This story was published originally on July 5, 2021, under the title “Intersections,” on the website YDP – Your Daily Picture, which features the writing, photography, and photomontage art of regular ArtsWatch contributor Friderike Heuer. It is reprinted here with permission. Essay and photographs are by Heuer.
During the days of apocalyptic heat I vegetated on the sofa in the basement, reading books on my Kindle. Nothing too demanding, given the melting brain. One was A.S. Byatt’s elegant, lyrical re-telling of Nordic myths of the past, Ragnarok – The End of the Gods, set in Great Britain during the second world war. The other was fantasy writer Elizabeth Knox’s passionate weaving of an alternate reality, The Absolute Book, centered on the preservation of language, books and libraries as tools for knowledge acquisition. Both melded history with reality, envisioning futuristic possibilities within or outside of reality.
Both have found high acclaim (Byatt here, Knox here), which is why they landed on my lap in the first place. I have, as my regular readers know, a soft spot for A.S. Byatt, given her lasting passion to weave every botanical name there ever was into her writing, and her willingness to tolerate shades of grey when it comes to people’s characters, refraining from black and white, either good or bad, judgements. I have only recently discovered Elizabeth Knox, impressed by her political engagement clothed in smart, imaginative storytelling, although frequently heavy on the gore, be warned.
At times, when I opened the Kindle, it took me multiple sentences to figure out which of the two I had landed on. They both meandered between literary materials and reality, a topic that has drawn my attention in other contexts as well.
For one, there are new attempts to teach history by combining literary efforts – in this case a comic book about a slave turned superhero – with augmented reality, in the form of archival photographs. Jupiter Invincible was a joint project by filmmaker and publisher Ram Devineni, who had the idea to use a modern form of storytelling to teach about the history of slavery in this country; Pulitzer Prize-winning poet Yusef Komunyakaa, who was roped in as a writer; and Ashley A. Woods, who was the artist providing the drawings. A powerhouse, this trio. The reader can constantly switch between the artwork and the reality-based counterparts in form of the historic photographs made available by the Library of Congress. During a time where multiple states consider prohibiting the teaching of our history as it was in our schools, comic books might come to the rescue – although one wonders when book-banning reaches those as well…
Secondly, I came across this mind-boggling story of Project Cassandra. German university researchers were asked to use their expertise to help the German defense ministry predict future conflicts by analyzing – yes, novels. Coopertion between academia and the military is something known from the sciences (researchers studying visual perception, for example, are regularly funded by the military in this country), but literary analysis executed by profs of comparative literature? Public reaction ran from disbelief to scorn, something familiar to all Cassandras across history, of course.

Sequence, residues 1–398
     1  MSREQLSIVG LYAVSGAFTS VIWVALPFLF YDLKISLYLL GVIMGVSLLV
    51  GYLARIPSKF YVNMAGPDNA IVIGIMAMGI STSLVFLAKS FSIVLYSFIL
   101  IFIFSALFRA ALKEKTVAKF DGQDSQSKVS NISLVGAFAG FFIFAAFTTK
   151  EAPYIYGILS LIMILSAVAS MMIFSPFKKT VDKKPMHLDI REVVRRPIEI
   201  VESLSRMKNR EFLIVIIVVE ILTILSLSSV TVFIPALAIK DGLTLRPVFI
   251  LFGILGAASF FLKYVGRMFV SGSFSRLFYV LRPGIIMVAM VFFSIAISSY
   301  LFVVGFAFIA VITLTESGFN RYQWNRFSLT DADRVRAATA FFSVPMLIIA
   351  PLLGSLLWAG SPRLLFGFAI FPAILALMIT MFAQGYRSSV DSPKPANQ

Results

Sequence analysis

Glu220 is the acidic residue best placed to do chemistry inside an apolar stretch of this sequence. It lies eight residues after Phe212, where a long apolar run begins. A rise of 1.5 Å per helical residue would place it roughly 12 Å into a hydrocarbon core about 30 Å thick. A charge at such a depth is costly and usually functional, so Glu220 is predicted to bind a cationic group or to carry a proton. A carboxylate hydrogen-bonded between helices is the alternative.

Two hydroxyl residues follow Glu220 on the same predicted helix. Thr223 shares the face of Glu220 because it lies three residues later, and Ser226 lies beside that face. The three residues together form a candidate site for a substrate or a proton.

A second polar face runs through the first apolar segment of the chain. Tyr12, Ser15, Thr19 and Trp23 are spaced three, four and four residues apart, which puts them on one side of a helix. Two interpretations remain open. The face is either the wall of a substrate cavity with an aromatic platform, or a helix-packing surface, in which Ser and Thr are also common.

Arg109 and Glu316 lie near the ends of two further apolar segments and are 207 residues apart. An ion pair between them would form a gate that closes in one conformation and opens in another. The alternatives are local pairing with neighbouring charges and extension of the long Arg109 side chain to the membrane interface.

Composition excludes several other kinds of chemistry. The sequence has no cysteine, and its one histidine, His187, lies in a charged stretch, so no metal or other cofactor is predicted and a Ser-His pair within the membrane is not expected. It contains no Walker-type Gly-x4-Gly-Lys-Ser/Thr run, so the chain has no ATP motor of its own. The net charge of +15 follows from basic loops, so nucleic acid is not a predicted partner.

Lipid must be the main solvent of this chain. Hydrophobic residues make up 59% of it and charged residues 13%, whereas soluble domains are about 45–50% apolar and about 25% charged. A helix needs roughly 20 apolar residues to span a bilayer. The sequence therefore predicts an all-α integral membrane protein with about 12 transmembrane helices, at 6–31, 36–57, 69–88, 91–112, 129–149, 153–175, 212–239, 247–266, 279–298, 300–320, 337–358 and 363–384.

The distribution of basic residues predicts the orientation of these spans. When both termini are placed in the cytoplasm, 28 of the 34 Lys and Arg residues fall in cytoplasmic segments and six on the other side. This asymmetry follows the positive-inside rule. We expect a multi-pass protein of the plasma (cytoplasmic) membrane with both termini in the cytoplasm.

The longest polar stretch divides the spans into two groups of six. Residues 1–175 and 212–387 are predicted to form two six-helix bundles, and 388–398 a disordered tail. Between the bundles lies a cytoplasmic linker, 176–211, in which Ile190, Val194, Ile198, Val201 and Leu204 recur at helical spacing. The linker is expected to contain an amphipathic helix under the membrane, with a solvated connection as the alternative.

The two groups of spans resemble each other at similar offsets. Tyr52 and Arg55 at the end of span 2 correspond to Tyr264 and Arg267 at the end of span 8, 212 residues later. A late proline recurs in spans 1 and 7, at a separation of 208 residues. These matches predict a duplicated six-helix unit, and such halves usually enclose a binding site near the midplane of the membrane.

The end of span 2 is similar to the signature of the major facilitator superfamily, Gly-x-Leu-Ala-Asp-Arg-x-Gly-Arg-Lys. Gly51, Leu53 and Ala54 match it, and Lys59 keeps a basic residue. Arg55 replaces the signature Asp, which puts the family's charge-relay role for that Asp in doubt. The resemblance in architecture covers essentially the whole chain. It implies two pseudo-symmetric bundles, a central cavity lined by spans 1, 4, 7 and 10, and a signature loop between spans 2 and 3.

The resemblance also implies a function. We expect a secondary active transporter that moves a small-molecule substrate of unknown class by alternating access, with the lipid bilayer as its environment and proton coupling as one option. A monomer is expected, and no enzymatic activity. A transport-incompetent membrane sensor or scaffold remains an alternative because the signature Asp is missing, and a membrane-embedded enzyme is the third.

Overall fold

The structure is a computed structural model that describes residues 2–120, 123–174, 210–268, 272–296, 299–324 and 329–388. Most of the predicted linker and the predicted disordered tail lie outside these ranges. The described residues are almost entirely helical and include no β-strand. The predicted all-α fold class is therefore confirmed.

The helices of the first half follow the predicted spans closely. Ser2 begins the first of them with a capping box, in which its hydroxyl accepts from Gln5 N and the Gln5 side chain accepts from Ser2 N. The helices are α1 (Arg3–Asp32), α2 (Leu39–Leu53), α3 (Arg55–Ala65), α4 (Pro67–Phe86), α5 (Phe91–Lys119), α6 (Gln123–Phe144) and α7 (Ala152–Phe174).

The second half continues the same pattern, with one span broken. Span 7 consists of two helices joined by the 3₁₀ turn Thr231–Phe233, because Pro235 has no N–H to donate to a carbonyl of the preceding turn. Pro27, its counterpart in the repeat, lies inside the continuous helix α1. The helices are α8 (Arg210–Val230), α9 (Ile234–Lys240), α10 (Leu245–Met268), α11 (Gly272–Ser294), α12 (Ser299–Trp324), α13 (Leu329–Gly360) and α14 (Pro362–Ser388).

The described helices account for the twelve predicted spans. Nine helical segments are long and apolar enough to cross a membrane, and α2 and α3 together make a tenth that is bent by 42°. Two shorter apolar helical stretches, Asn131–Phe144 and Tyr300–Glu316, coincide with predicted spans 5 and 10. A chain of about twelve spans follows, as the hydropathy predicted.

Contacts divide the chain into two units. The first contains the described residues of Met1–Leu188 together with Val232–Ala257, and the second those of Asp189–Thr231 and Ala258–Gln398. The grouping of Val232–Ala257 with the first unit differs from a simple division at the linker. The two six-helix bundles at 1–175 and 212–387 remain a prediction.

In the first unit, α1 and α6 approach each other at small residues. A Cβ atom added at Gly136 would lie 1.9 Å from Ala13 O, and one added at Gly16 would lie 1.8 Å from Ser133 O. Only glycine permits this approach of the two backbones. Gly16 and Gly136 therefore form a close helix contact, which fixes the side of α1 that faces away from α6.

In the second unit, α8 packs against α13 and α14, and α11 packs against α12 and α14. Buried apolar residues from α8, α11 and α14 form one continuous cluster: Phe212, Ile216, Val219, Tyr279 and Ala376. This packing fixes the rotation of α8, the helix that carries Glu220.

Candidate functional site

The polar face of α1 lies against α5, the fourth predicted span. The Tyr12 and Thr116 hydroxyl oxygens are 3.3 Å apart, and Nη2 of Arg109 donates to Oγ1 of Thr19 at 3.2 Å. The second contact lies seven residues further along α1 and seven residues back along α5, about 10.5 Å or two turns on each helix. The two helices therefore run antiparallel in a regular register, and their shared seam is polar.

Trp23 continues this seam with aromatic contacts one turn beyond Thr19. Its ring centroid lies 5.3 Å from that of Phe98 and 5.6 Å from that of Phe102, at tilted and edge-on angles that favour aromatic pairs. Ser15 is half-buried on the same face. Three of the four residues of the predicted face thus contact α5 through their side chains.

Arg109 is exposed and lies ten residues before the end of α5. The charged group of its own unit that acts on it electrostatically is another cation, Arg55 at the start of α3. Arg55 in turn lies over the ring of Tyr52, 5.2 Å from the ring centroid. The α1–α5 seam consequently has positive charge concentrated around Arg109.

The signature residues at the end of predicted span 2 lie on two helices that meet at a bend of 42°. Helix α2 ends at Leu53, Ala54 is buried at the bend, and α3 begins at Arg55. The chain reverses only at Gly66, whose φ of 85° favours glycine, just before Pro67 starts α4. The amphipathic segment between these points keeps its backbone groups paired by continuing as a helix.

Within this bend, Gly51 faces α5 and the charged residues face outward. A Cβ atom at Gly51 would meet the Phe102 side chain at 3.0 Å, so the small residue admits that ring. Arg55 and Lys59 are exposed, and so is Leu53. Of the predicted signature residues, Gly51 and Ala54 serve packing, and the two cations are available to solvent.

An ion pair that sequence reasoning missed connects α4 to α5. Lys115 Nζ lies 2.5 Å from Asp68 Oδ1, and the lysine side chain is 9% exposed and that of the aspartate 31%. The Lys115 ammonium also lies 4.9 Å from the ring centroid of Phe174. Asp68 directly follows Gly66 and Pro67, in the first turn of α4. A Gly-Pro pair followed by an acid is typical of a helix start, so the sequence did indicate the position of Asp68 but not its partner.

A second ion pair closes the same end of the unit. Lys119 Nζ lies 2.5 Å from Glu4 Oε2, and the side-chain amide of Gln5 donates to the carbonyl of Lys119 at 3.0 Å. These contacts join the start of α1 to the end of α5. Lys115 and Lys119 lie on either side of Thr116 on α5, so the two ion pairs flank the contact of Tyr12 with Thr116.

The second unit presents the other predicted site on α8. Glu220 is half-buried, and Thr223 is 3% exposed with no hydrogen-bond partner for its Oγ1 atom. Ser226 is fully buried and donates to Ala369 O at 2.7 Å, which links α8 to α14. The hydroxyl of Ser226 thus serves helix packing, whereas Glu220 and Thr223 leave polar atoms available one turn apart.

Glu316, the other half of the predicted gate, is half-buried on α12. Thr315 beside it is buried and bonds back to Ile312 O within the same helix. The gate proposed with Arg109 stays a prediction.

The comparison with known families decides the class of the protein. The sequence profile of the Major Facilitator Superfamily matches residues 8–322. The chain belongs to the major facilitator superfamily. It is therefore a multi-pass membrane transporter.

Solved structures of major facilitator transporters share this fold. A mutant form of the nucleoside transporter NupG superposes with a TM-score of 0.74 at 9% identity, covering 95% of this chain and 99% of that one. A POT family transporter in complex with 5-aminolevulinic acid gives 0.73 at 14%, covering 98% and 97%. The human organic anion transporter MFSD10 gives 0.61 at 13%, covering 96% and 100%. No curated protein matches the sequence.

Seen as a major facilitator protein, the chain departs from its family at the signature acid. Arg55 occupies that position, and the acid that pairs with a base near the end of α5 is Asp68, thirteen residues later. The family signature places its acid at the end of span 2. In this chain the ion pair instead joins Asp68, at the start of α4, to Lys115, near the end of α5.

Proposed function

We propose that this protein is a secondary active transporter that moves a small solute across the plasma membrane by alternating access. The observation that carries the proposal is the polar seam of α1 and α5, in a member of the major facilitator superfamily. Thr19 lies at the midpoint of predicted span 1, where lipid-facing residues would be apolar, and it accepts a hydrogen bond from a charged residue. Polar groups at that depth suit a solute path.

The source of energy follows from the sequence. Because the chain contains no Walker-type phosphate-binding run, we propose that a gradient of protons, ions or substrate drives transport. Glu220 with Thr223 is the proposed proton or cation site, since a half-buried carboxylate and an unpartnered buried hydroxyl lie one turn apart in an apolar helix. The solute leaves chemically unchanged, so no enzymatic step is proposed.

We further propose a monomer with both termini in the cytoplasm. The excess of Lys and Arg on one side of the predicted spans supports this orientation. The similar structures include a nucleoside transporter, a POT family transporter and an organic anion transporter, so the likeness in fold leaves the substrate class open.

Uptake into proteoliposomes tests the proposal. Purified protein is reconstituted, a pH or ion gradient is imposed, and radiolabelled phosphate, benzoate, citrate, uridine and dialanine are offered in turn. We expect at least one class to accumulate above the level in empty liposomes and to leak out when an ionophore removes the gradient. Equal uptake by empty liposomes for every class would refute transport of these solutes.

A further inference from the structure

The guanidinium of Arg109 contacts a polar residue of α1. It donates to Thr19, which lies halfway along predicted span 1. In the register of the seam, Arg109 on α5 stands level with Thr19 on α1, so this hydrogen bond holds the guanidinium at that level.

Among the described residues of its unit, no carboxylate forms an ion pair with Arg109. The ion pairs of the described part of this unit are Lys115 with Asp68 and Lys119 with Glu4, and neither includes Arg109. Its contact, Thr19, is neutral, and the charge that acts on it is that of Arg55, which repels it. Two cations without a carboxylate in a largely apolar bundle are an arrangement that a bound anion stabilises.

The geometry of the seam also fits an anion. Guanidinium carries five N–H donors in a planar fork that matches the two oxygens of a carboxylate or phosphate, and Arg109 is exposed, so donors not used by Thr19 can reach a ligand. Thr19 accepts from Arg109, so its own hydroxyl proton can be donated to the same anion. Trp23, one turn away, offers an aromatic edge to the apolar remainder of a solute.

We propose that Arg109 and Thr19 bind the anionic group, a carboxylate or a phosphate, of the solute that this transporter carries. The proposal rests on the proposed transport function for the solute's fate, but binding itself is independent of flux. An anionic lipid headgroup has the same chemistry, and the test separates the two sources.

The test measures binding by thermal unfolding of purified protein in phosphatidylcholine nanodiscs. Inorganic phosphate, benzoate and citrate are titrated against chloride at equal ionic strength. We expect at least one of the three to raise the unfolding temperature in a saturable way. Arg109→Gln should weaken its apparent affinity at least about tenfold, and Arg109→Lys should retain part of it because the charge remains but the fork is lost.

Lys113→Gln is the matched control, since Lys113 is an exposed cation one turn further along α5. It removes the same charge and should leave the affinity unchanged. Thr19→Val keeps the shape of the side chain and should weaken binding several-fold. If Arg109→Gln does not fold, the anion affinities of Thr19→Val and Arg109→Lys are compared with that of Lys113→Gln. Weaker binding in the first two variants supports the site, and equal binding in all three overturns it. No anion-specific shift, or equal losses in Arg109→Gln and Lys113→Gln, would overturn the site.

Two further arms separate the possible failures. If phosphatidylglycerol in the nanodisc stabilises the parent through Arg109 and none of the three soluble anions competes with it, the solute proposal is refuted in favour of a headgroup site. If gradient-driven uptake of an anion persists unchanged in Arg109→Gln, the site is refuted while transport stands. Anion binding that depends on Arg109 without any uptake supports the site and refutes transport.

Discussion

Prof. Juergen Wertheimer and his team believe that novelists are modern-day Cassandras, operating with heightened sensitivity to environmental and social contextual cues “on a plane that is both objective and subjective.” Of interest for the project are not the kind of technological predictions that are often found in science fiction, from weapons to telemetric search tools, such as facial recognition software. Instead, the focus is on novels that act as seismographs for societal tensions, describing thinly veiled conflicts that could explode in real life, using as an analytic tool, among others, contemporary reactions to those novels (awards, intentional distribution, but also book-banning or authors sent packing to exile.) As a test of the viability of the approach, the military asked the team to demonstrate how the war in Kosovo and the rise of Boko Haram could have been predicted through the study of literary texts. The team successfully did.
Spoiler alert: The project has been canceled by the German military, despite successful predictions of a future conflict at the time of their research – the 2020 war in Nagorno-Karabakh, an enclave of Azerbaijan populated by ethnic Armenians (a war that served geopolitical interests of both Turkey and Russia.) However, “the German interior ministry has commissioned the team to investigate the hidden scars of the country’s reunification process. There have been talks with the EU representative for foreign affairs and security policy, Josep Borrell, about docking Cassandra in Brussels. Wertheimer says he is interested in applying his method to analyze geopolitical tensions in Ukraine, Lithuania and Belarus.” So we might hear more of them, after all.
I guess I’ll refrain from re-reading The Handmaid’s Tale and go directly to a documentary about reality unfolding along the lines of the novel’s visions: Welcome to Chechnya.
Or I go and water what remains of the garden after the sun torched it, trying to forget the novels I have already read about the consequences of climate change…. here is the list.
And here is Jessye Norman as Cassandra in Les Troyens.
Photographs are obviously showing the harm done last week.